PORTLAND, Maine — The scratches are something folks don’t forget.
In Mechanics’ Hall in Portland, those shallow abrasions run along the ceiling near the entrance to the top floor. Visitors can see them and, even better, reach up to touch them, and when they do, they’re feeling history.
“This building was a mustering spot for Civil War soldiers,” Paul Stevens, an architect with deep ties to Mechanics’ Hall, said. “With this low ceiling, when they came up here, they had their rifles over their shoulders. And the sights on the rifles scratched the ceiling.”
Those marks were left by men going off to war to save the Union.
Mechanics’ Hall was built in 1859, the year before Abraham Lincoln was elected president. The Maine Charitable Mechanic Association erected it to house a library where its members — carpenters, coopers, stonecutters, blacksmiths, and more — could further their educations by borrowing textbooks and technical manuals.
“It was involved in teaching the mechanics of the day how to read and write,” Heather Harvey, the current librarian at the Hall, said. “Which is quite possibly something they never would have learned without the library.”
The board and staff of the hall realized a few years ago that to preserve this grand old structure and to keep its mission alive, they would have to open the place up, not only to people who work with their hands in the trades and arts but also to the public at large.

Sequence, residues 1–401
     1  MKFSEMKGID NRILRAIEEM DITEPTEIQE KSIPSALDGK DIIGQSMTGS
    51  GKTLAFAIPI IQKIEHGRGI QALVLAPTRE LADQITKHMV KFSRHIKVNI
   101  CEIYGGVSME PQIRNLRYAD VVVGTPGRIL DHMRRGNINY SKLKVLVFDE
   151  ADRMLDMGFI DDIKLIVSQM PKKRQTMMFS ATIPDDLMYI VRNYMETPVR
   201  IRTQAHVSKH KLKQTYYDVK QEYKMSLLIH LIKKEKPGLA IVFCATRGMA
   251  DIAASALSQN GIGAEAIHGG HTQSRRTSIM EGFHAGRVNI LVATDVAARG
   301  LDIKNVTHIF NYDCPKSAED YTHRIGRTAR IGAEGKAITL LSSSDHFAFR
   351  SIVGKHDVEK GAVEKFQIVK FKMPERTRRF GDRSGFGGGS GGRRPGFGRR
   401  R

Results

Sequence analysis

The idea is to let people know the hall is here, that it’s a lively venue offering music, performances, reading, lectures, and all kinds of other events.
“I will often stand at the entrance of the ballroom and greet people as they’re coming in for a function or an event,” executive director Annie Leahy said. “I can’t tell you how many people walk into this room and physically gasp. They are so surprised to find this space in the center of the arts district.”
Not surprisingly, for a building that’s 163 years old, it needs a lot of repairs and upgrades, which will likely cost $8 to $10 million. The board and staff are committed to raising that money, and they figure the best way to do it is to get people into the building so they can hear its story.
“We’re blessed,” Ken Pierce, the board’s secretary, said. “But a building of 1859 vintage requires a lot of tender loving care. And that usually involves money.”